By Duncan Agnew | firstname.lastname@example.org
Ryan Fannon is a typical family man.
The Alexandria resident works at Bishop Ireton High School and loves spending time with his wife, Laura, and their three kids, Ryan, 9, Maggie, 8, and Grace, 3. He, along with many Washingtonians, took a day off to witness the Capitals Stanley Cup victory parade with his family in June. Before leaving for work every morning, he debates the intricacies of the Wizards roster with Ryan Jr., and he rarely misses a family outing or one of his kids’ games.
Six months of the year, though, Fannon spends most of his evenings and weekends on the road. He wrapped up his 20th season in April as the official voice of Villanova University basketball. As if he wasn’t busy enough, he’s also been calling Villanova football games as a color analyst or play-by-play announcer for 25 years.
It’s the fulfillment of a lifelong dream for Fannon.
“I used to sit in my house and practice broadcasts of Orioles games, and I always had a dream of being a sports broadcaster,” Fannon said.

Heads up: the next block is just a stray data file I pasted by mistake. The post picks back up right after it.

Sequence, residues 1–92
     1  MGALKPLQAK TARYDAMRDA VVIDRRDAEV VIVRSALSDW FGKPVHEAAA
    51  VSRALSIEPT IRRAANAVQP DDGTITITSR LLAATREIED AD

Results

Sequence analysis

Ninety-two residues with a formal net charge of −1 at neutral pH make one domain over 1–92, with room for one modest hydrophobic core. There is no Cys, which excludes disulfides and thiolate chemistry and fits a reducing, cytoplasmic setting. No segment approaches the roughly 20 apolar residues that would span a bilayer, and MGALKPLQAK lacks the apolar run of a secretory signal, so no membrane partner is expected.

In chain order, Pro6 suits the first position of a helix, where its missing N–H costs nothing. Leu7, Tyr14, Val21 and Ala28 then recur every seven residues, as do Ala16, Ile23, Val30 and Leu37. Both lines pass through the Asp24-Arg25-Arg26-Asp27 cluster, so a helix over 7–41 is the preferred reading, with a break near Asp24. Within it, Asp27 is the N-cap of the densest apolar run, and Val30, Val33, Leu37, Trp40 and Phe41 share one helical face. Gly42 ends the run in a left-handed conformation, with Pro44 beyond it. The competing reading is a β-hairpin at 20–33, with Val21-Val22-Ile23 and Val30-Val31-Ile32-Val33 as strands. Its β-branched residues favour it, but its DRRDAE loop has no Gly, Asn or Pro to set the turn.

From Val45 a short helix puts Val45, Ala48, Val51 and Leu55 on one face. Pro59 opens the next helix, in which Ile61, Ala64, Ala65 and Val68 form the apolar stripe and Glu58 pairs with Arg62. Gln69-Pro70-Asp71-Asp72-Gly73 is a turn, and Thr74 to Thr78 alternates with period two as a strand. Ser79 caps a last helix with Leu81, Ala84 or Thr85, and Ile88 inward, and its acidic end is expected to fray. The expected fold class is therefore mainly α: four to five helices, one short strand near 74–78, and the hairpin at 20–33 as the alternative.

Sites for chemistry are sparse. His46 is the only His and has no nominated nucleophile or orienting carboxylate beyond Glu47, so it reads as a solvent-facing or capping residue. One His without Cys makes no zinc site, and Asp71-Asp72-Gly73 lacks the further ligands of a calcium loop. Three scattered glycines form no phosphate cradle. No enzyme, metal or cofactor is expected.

Fannon is a graduate of Villanova himself, and he worked in student radio there. While he was in radio, he asked football and basketball coaches for sports broadcasting recommendations. Shortly after Fannon graduated, he had a stroke of luck – the Villanova football color commentator left his position, and the coaches encouraged Fannon to apply for the job.
“They took a shot on a young kid who had just graduated from Villanova,” Fannon said. “The coach said ‘I really like your enthusiasm and passion, and we’re gonna give you a chance and see what happens.’”
Five years later, after earning the Villanova community’s trust as a dependable broadcaster, Fannon got a call to apply for his dream job: the play-by-play voice of Villanova basketball. That call began a journey that has taken him to the Maui Invitational, three Final Four playoffs, two national championship games and even the emcee’s chair at a Philadelphia parade celebrating his Wildcats.